In chapter 3 he dwells with gravity and quantum interference, that is, double slit like thought experiments. He concludes the existence of a conditions that must be satisfied for a gravitational measurement to be made that will sufficiently localize the incident particle so as to destroy the quantum interference which are stated in terms of the separation of the two slits, r, the acceleration of the test mass at, the velocity of the incoming particle vi. The actual conditions are:
r >¯h r^2/Gm^3 (here ¯h is h bar, i.e. h/2π)
t >¯h^3 / G2m^5
at < G^3m7 /¯h^4
vi < Gm^2 / ¯h
If the conditions are not satisfied, the gravitational interaction is insufficient to detect the incident particle and quantum interference remains intact..He concludes that for quantum coherent systems with masses less than ∼ 10^7mp (mp=Planck mass), there is not a measurable gravitational effect that would compromise their coherence. He does further analysis and get further restrictions. The conclusion of the arguments is that the question of whether or not coherent quantum systems are sources of gravity is unanswerable for systems with masses < 10^10 mp. That leaves unanswered the question of mesoscopic systems, which he analyzes later.
The chapter 4 is a continuation, in a certain sense, of the previous. The most interesting is the chapter 5 where he fully analyzes the central issue of the paper. The key point, if I rightly understand is the following statement:
“Because macroscopic systems
invariably undergo decoherence on very short time scales, they behave as they would
in a classical world, i.e., no quantum interference effects.”
Or stated, together with another claims of the chapter, in a more generic way it could be said: “the experimental data available to date only takes account of interactions between matter systems in a decoherent state.”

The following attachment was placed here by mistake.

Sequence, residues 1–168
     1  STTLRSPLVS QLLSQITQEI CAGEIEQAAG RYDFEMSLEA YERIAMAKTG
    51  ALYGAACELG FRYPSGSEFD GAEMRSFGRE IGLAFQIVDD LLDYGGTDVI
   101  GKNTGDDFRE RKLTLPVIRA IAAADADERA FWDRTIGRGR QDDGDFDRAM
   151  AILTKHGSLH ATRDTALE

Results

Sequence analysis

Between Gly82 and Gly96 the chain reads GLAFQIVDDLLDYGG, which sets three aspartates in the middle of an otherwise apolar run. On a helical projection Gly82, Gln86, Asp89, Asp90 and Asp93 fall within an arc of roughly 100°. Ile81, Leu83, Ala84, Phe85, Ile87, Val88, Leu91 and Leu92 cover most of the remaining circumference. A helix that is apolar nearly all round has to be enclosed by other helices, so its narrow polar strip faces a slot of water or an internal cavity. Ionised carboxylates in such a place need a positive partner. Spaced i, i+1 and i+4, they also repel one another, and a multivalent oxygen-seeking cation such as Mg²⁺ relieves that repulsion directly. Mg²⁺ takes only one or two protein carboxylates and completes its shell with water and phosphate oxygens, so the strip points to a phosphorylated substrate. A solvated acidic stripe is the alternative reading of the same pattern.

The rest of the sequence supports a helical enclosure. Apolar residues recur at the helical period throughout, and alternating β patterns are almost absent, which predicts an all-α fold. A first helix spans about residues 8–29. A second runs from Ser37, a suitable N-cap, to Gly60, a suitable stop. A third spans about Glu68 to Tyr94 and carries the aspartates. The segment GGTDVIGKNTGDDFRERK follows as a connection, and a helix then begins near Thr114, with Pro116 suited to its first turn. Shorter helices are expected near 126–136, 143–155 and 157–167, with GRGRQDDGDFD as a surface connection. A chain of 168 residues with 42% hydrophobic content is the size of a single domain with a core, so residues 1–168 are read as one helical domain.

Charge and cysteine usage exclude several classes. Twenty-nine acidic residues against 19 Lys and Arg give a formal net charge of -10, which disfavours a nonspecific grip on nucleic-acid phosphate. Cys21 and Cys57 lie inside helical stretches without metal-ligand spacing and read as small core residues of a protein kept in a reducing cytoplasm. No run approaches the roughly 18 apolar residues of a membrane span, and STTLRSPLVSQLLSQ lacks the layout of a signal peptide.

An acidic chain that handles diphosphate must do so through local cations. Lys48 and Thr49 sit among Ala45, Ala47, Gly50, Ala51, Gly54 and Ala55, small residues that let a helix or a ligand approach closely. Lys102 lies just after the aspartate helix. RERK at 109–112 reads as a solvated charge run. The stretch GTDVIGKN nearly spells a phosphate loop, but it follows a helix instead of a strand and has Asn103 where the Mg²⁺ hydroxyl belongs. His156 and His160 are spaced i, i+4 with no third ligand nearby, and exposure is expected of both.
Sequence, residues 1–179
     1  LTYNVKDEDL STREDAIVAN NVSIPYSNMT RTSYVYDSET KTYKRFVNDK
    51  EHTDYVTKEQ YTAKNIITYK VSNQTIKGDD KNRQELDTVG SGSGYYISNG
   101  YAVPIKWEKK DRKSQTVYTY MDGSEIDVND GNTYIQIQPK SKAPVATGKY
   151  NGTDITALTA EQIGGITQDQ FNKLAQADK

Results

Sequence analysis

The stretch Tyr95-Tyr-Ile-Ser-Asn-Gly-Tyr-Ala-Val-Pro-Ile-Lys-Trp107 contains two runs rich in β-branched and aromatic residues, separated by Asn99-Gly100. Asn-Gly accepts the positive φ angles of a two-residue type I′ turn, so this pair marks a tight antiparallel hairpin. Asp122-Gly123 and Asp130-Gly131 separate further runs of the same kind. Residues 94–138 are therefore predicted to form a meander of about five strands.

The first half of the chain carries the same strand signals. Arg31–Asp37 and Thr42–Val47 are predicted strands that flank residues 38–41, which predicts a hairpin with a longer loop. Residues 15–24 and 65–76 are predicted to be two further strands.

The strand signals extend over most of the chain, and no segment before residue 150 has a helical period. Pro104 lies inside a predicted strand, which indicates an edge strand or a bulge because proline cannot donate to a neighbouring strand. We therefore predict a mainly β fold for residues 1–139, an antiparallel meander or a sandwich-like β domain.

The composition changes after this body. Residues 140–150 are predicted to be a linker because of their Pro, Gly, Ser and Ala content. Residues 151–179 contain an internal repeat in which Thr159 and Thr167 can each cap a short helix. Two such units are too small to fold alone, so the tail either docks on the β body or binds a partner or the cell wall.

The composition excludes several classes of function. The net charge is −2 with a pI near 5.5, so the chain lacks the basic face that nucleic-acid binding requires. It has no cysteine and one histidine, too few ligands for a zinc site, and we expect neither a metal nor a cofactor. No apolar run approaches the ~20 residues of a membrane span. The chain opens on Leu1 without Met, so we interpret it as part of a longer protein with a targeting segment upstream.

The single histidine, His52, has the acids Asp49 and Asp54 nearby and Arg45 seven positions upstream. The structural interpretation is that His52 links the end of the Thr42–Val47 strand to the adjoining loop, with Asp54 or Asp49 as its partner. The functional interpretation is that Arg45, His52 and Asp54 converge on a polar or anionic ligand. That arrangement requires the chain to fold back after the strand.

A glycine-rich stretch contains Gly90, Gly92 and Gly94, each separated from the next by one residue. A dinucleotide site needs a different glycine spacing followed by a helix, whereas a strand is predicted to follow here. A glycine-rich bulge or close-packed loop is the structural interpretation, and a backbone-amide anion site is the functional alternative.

That raise the question of what would be the behaviour of macroscopic, or at least, mesoscopic, systems which are in coherent states. He talks about the copper pairs in superconductivity, Bose-Einstein condensates and systems like that. Here I would add a few things. A few years ago an condensate-matter physicist, Podkeltnov, made a claim, in a press conference, about some kind of gravity shielding that appeared unexpectectly in experiments which implied some kind of high temperature superconducting devices. He didn’t provide all the details of the experimental device and ulterior attempts to reply the experiment, based on the available data, are until now unsuccessful. Later Podkelnov he improved the experiment and even tried to conjecture an explanation. His argument was related to the suppression of Fourier modes of gravity because of coupling of the Landau-Ginzburg lagrangian which could be used to describe the superconductor to the energy of the cosmological constant. Certainly the “non quantum gravity” proposal could be considered as an alternative explanation if one would try to insist in explaining an effect non firmly established experimentally, of course.